“I trust humanity in spite of everything.”

Visit of a Barcelona community to the Open Arms ship, which has rescued some 70,000 migrants from drowning in the waters of the Mediterranean, and faces serious barriers, especially from Italy, to continue carrying out its mission.

A few weeks ago, some sisters of the community had the opportunity to visit the Open Arms ship of the organization of the same name, anchored in the port of Barcelona. We imagine that you know this organization through the media, when it has been reported that some of its ships have been denied entry into ports or have been blocked in a port or are being harassed in court.

Proactiva Open Arms (OA) is an initiative of two rescuers from Badalona (Barcelona) born after their experience as volunteers in Lesbos (Greece) rescuing thousands of people fleeing wars in Syria, Afghanistan, Iraq and elsewhere. They then decided to found the organization to rescue people fleeing in small boats in order to reach a safe port, which in this area are practically only Italian ports.

Its action is based on the Law of the Sea and international conventions [1]. They consider that human life deserves the utmost protection and, therefore, oblige the captain of any ship to render aid and bring castaways in distress to safety, and failure to render aid is a felony. Rescue is a moral and legal obligation.

They told us during the visit that, through international radar alerts or from other ships, they know the situation of the boats, they go there and inform the Italian authorities so that they can tell them in which port they should disembark them, but each time they make them travel more miles, they make their work more difficult by sending them to distant ports, up to three more days of navigation, from the place of rescue. As Óscar Camps, founder of OA, says: “First they ask you to help with dozens of rescues because the Coast Guard has no fuel, but then they apply the “Meloni Decree” that limits rescues to one. It is politics trying to deform international maritime law..” And the consequences are more days of navigation with the consequent suffering of the people, as well as more maintenance costs, since in one hour of maritime navigation fuel is consumed to the value of more than 1000 euros.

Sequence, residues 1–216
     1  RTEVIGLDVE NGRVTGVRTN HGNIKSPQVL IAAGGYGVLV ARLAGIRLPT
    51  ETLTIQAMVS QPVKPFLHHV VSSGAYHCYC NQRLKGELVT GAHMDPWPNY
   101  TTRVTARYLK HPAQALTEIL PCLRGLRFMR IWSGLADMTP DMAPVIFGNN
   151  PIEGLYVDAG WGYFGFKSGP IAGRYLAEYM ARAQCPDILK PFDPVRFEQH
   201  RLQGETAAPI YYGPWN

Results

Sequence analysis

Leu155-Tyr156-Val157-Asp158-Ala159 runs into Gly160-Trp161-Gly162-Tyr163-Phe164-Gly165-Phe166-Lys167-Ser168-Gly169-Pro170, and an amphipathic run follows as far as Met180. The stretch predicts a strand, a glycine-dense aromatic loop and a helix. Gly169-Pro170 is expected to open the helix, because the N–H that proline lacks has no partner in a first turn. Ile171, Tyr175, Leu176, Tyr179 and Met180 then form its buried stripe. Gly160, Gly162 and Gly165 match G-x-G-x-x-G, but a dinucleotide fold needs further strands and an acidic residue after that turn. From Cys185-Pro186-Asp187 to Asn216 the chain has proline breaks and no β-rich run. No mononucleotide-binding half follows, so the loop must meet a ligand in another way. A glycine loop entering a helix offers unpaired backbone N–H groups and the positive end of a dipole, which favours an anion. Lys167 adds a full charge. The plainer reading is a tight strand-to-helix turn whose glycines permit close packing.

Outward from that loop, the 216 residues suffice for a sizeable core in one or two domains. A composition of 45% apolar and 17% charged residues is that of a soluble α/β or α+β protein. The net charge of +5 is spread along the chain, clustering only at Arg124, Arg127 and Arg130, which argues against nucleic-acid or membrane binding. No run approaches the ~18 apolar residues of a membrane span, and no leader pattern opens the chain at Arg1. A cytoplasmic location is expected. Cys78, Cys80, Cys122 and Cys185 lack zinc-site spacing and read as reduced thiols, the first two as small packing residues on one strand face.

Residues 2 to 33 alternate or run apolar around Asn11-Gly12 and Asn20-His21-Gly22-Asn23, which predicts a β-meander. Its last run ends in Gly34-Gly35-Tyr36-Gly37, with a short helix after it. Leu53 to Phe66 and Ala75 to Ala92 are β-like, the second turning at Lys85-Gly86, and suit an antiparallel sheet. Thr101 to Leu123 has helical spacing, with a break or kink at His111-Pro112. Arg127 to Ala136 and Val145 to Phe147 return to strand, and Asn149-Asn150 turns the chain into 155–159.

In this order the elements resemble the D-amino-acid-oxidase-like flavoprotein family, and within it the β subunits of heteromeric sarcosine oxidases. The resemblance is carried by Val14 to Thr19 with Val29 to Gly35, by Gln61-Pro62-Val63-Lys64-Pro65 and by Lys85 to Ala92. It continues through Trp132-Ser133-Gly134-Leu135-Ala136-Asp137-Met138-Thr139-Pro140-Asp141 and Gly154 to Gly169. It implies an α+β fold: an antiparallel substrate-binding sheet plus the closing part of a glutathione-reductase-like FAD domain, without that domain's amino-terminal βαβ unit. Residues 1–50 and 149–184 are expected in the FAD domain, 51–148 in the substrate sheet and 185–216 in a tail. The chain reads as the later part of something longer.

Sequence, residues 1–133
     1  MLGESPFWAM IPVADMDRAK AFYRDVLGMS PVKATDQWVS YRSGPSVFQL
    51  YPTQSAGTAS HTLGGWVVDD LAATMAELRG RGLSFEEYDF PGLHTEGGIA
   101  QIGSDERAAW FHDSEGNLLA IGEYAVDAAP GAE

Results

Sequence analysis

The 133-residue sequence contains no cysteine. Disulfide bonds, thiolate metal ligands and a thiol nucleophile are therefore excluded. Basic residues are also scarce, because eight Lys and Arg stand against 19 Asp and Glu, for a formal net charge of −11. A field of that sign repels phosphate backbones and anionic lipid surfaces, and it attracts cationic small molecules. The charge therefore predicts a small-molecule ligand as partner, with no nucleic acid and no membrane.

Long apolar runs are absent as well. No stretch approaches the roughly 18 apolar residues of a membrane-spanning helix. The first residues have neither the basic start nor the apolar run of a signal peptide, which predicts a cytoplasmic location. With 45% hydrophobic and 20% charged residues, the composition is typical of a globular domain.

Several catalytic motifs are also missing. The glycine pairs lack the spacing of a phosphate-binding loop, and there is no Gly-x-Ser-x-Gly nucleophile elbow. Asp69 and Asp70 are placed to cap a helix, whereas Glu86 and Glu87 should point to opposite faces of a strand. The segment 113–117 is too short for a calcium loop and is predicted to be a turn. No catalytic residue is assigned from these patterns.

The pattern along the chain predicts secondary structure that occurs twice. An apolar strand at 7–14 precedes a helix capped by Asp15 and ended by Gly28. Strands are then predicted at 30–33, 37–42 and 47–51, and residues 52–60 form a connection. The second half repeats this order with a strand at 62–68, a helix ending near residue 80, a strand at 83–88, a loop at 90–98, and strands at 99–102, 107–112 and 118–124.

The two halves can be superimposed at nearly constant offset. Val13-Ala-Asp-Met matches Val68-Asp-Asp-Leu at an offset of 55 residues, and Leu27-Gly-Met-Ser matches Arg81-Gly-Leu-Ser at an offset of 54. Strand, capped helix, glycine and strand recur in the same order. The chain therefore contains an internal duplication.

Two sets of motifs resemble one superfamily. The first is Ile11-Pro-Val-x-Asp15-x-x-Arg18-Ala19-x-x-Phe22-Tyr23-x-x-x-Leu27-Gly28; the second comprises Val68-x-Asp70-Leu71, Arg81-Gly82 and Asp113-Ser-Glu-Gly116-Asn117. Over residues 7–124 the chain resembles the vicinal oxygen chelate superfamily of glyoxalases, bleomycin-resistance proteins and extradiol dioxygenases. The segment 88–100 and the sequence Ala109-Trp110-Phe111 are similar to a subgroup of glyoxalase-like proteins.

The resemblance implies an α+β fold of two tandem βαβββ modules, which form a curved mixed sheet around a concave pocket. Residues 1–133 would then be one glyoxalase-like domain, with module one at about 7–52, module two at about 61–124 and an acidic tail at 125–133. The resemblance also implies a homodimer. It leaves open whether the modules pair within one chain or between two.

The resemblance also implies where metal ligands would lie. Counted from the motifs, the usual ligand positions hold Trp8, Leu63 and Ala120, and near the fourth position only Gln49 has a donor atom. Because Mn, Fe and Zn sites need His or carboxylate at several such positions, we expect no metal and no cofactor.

Unlike Spain, which has its own Maritime Rescue [2], Italy delegates its functions to NGOs, although without providing the means and even now, even more than before, harassing them and blocking their rescue activity. Open Arms has faced a number of legal proceedings and, for example, last August, Italy fined them €10,000 and 20 days of administrative detention for saving 176 people in three rescue operations. The boat has official capacity for 300 people and vests and equipment for many more, so “if, after having made a rescue, we find other people in danger along the way, we do not leave them adrift, we rescue them as well. In each mission, we perform the necessary rescues“The activist in charge of the visit told us.

Despite the many difficulties they have gone through, Open Arms has already completed 8 years this September 2023. And, in this time, they have rescued almost 70,000 people in the central Mediterranean, which is where they operate, as it is the area that is not covered by government action.

They explained to us that if governments had a safe rescue policy in place, an estimated 28,000 more people could have been saved in these 8 years than the estimated 28,000 people who died at sea during this period. The Mediterranean, a meeting and exchange place of so many cultures for centuries, is becoming a graveyard in the face of our inaction. There is no European political will to protect people, but to protect fortress Europe and so we find, for example, that the Pact on Migration and Asylum, proposed by the European Commission, has made no progress since 2020. The current political trend is to toughen the measures by outsourcing maritime rescue to Libya and land rescue to other states such as Morocco, Turkey, etc., where protection is not guaranteed; thus increasing deportations and detentions of asylum seekers, including minors. The asylum procedure at the border that is to be implemented has no guarantees since, in the case of asylum seekers, they will be preventively detained until their asylum request is resolved, including children over 12 years of age. In addition, more than 1,000 km of land walls have been built since the 1990s. And although efforts to keep them out of Europe focus much more on people on the move trying to reach Europe by sea, these are only about 15% of the total as most of them enter through airports without so many impediments. Immigration policies separate those who are entitled to rights and those who are not.

Organizations such as Open Arms are able to act thanks to the strong support of civil society. In more than one of our churches there have been collections to support them.

In the midst of this reality, Óscar Camps is a man of hope and on his Twitter feed he says “I trust in humanity, despite everything“.

Montse Fenosa Choclán, ccv


[1] Cf. Article 98 of the United Nations Convention on the Law of the Sea onthe duty to render assistance, Regulation 33 of Chapter V of the SOLAS Convention and Article 2.1.10 of the SAR Convention on Maritime Search and Rescue.

[2] Although with limited means, they are often overwhelmed.